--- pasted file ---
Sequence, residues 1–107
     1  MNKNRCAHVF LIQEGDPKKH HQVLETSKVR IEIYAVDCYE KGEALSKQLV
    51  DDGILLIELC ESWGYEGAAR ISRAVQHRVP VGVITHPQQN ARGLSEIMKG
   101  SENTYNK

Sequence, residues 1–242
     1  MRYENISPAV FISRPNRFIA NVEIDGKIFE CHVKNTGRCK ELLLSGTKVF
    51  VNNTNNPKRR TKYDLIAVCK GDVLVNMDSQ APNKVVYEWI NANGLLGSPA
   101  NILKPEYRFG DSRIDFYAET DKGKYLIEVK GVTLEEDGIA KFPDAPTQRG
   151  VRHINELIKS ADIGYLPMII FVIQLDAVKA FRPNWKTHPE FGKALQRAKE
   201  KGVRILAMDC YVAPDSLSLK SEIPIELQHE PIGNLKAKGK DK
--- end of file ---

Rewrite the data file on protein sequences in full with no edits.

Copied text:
Sequence, residues 1–107
     1  MNKNRCAHVF LIQEGDPKKH HQVLETSKVR IEIYAVDCYE KGEALSKQLV
    51  DDGILLIELC ESWGYEGAAR ISRAVQHRVP VGVITHPQQN ARGLSEIMKG
   101  SENTYNK

Sequence, residues 1–242
     1  MRYENISPAV FISRPNRFIA NVEIDGKIFE CHVKNTGRCK ELLLSGTKVF
    51  VNNTNNPKRR TKYDLIAVCK GDVLVNMDSQ APNKVVYEWI NANGLLGSPA
   101  NILKPEYRFG DSRIDFYAET DKGKYLIEVK GVTLEEDGIA KFPDAPTQRG
   151  VRHINELIKS ADIGYLPMII FVIQLDAVKA FRPNWKTHPE FGKALQRAKE
   201  KGVRILAMDC YVAPDSLSLK SEIPIELQHE PIGNLKAKGK DK